Johannesburg — A tentative dialogue has begun that could avert further violence in the troubled black townships that exploded earlier this week in South Africa. Black residents and local government officials have begun talking about the increase in property rental fees that apparently sparked protests and then riots in five townships south of Johannesburg.
Meanwhile, sporadic incidents of looting and arson continue in those townships and in other black areas further afield. There continues to be a sizable number of black students - about 30,000 - boycotting classes nationwide.
Residents of Sharpeville have held discussions with officials of the Orange Vaal Development Board and the Lekoa Town Council, the two bodies that administer Sharpeville and the other townships south of Johannesburg.
''The people are saying let's talk,'' explains Luther Mateza, a Presbyterian minister and resident of Sharpeville. The way he sees it, ''the violent eruption was a case of (blacks) calling for attention'' to their economic grievances.
An official of the Lekoa Town Council said no decision on whether the proposed site rental increase would be rescinded was likely until next week when the Town Council would meet.
The Lekoa Town Council, made up of black elected representatives from a number of townships, had decided earlier to raise the rental fees (the equivalent of a property tax) by about $4 per month on top of the standard fee of $26 per month. The explosion of violence that took 31 lives in those townships was sudden and dramatic. But Mr. Mateza says in the communities ''the people have been talking about the rent increase for weeks.''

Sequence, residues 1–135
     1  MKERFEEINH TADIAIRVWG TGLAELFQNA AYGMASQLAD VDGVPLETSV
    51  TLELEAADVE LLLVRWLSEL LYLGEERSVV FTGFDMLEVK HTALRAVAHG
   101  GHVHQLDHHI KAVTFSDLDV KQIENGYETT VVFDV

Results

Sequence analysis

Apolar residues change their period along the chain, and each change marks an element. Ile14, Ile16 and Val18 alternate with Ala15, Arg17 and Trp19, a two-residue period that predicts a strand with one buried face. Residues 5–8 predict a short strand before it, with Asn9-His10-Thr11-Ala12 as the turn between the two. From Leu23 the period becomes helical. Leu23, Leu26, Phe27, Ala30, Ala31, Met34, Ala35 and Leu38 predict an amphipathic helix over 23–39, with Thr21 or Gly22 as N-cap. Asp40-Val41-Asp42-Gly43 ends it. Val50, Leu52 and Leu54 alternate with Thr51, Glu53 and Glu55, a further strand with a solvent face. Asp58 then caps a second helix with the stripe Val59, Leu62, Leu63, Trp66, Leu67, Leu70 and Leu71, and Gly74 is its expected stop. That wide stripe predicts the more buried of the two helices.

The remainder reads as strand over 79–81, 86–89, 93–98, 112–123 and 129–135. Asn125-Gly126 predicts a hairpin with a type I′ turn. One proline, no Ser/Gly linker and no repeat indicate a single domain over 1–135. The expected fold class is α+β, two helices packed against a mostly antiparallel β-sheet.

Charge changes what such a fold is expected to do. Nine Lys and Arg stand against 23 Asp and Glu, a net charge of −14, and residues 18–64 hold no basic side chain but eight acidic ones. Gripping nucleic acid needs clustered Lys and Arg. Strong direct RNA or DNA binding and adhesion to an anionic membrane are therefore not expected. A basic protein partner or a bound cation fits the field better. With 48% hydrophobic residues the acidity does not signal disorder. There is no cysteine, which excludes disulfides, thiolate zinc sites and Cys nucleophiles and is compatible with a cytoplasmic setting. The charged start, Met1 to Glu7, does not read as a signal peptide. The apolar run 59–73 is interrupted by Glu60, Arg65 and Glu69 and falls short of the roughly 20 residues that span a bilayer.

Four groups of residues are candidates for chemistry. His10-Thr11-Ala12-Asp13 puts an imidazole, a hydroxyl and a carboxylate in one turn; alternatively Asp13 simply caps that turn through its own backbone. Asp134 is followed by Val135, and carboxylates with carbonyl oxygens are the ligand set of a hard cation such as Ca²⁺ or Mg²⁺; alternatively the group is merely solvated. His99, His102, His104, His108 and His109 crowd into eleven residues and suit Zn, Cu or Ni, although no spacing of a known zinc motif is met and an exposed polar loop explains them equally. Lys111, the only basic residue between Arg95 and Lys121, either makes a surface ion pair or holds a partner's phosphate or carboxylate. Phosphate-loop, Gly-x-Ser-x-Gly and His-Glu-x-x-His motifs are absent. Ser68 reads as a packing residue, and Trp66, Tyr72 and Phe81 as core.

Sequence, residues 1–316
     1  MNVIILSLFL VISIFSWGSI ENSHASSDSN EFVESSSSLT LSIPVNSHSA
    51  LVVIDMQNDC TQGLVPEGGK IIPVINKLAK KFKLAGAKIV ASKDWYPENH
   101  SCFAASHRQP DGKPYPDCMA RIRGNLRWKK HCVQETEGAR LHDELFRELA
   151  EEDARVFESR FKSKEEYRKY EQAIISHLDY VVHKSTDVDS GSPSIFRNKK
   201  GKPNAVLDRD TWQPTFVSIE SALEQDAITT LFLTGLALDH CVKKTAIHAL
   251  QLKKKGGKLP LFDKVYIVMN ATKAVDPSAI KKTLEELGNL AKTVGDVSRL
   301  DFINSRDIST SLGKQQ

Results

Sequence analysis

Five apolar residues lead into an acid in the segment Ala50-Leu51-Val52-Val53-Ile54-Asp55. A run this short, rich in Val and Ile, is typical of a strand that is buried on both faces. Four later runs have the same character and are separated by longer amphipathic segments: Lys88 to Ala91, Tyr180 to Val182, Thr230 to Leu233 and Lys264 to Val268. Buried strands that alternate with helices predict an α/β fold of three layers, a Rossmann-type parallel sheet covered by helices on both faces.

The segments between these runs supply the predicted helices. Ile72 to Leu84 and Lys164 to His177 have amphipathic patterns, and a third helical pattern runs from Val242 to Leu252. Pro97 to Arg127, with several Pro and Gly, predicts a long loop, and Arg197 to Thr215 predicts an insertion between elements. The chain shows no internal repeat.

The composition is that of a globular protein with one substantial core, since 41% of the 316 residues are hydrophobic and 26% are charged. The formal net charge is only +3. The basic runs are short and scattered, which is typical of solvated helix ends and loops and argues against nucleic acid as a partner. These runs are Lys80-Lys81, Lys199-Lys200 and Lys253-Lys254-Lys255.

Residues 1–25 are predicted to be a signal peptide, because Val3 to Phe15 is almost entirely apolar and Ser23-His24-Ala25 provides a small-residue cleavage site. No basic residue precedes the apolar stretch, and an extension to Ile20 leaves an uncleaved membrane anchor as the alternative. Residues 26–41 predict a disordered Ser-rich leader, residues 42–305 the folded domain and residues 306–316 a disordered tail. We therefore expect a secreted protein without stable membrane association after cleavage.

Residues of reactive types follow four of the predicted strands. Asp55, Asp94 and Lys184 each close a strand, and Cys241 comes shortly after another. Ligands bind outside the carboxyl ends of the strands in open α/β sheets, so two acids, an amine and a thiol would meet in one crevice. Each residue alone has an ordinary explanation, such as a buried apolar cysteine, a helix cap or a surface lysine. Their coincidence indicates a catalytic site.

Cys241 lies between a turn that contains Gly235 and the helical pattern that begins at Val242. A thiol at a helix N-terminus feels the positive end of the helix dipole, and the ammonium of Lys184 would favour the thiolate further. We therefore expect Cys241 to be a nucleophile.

The town councilors, considered by many blacks to be ''stooges,'' were targeted during the unrest. Three were killed and many had their homes and businesses attacked.
(According to Reuters, three South African Cabinet ministers planned a tour of the riot-torn black townships Thursday.
(Law and Order Minister Louis Le Grange, Internal Affairs Minister F. W. de Klerk, and National Education Minister Gerrit Viljoen were to visit the area around Sharpeville.
(Earlier Thursday, police said a black youth was allegedly stabbed to death by a fellow pupil in Vosloosrus, 12 miles southeast of Johannesburg, in unrest there Wednesday.
(In Sebokeng, near Sharpeville, the body of a black man was found Wednesday night and a murder case opened.
(Police said there was an arson attack late Wednesday on a black policeman's home in a township near Welkom, 140 miles south of Johannesburg. A neighbor, also a policeman, fired to disperse the crowd of black youths but no casualties were reported, police said.
(In the black township of Soweto, a gasoline bomb was thrown at the home of the mayor of a black council but it caused only slight damage, police said.)